Independent Auto Repairers, Labor and Others Unite to Fight So-Called 'Right to Repair' Legislation

Oregonians for Safe and Reliable Auto Repair Coalition Tells Lawmakers of Serious Negative Consequences of Legislation Today in Salem

PORTLAND, OR--(Marketwire - March 14, 2011) - A coalition of independent auto repair shops, auto dealers and manufacturers, and labor organizations are urging legislators to reject so-called "Right to Repair" legislation, arguing that it is a solution in search of a problem that could result in inferior and unsafe auto parts, increased auto theft, higher consumer costs for auto repairs, and unwanted government intrusion into struggling independent automotive repair businesses throughout the state.

Representatives of the coalition -- Oregonians for Safe and Reliable Auto Repair -- testified today before the House Committee on Business and Labor, arguing that while HB 3243 portrays itself as an attempt to help independent "mom and pop" repair shops, it addresses a non-existent problem and could have serious negative consequences.

Aftermarket repair facilities handle approximately 75% of post-warranty vehicle repairs and automakers already provide all of the necessary service information to diagnose and repair vehicles through third party tool makers and automaker websites. Repairers also have the National Automotive Service Task Force (NASTF) ( available to address any gaps or issues related to service information, tools and training. 

"There is nothing wrong with the system as it exists now. We have the tools and technology we need and we know how to fix cars. This bill won't help the independent repair shop," commented Bill Filley, Owner of Prairie Road Automotive in Eugene and a member of the newly formed coalition. "The bill attempts to address a problem that never existed. Many services currently exist to supply technicians with the information they need, often within minutes."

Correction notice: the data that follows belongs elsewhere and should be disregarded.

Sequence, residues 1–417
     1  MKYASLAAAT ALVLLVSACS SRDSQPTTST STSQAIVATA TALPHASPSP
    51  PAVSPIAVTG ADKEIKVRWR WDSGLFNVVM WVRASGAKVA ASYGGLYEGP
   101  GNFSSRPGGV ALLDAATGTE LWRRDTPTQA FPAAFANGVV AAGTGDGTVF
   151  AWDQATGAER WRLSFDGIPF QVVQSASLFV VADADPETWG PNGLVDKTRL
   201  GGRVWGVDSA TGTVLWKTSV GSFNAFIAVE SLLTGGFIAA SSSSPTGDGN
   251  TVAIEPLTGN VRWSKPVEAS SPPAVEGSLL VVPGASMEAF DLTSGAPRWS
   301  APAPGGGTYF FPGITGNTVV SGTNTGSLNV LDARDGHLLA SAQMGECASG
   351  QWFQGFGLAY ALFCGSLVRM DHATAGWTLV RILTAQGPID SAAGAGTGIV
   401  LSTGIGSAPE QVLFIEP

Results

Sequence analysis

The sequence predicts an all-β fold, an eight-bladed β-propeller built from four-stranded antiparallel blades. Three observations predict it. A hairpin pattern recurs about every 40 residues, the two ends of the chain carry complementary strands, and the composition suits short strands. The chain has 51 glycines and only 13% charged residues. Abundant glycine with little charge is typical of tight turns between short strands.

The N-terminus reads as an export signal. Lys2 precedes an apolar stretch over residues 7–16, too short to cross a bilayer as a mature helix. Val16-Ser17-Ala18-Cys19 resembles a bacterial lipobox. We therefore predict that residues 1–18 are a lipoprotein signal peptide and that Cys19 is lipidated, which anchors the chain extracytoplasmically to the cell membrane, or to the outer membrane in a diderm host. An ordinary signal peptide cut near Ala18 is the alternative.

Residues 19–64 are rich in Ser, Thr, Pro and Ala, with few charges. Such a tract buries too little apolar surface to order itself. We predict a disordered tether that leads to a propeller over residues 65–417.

The coalition contends that the real agenda of this legislation lies with those funding the effort who, based on public records, are largely the giant aftermarket parts manufacturers. These companies appear to be seeking an avenue toward litigation over trade secrets and intellectual property and by promoting HB 3243 in Oregon, seeking to make the state a hub for litigation over design information. According to the Alliance of Automotive Manufacturers, not all auto parts are created equal and inferior 'knock-off' parts can cause a safety hazard. "The counterfeit auto parts business is a $12 billion business overseas. Once auto design codes were widely available, there would be no way that government could ensure that parts used in repair shops were made correctly, safely and according to U.S. safety standards."

Oregonians for Safe and Reliable Auto Repair is a coalition of Oregon independent auto repair shops, dealers, auto manufacturers, and organized labor who believe that the so-called Right to Repair bill is bad public policy that could have negative consequences for Oregonians. Visit us at

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Kate Pitchlynn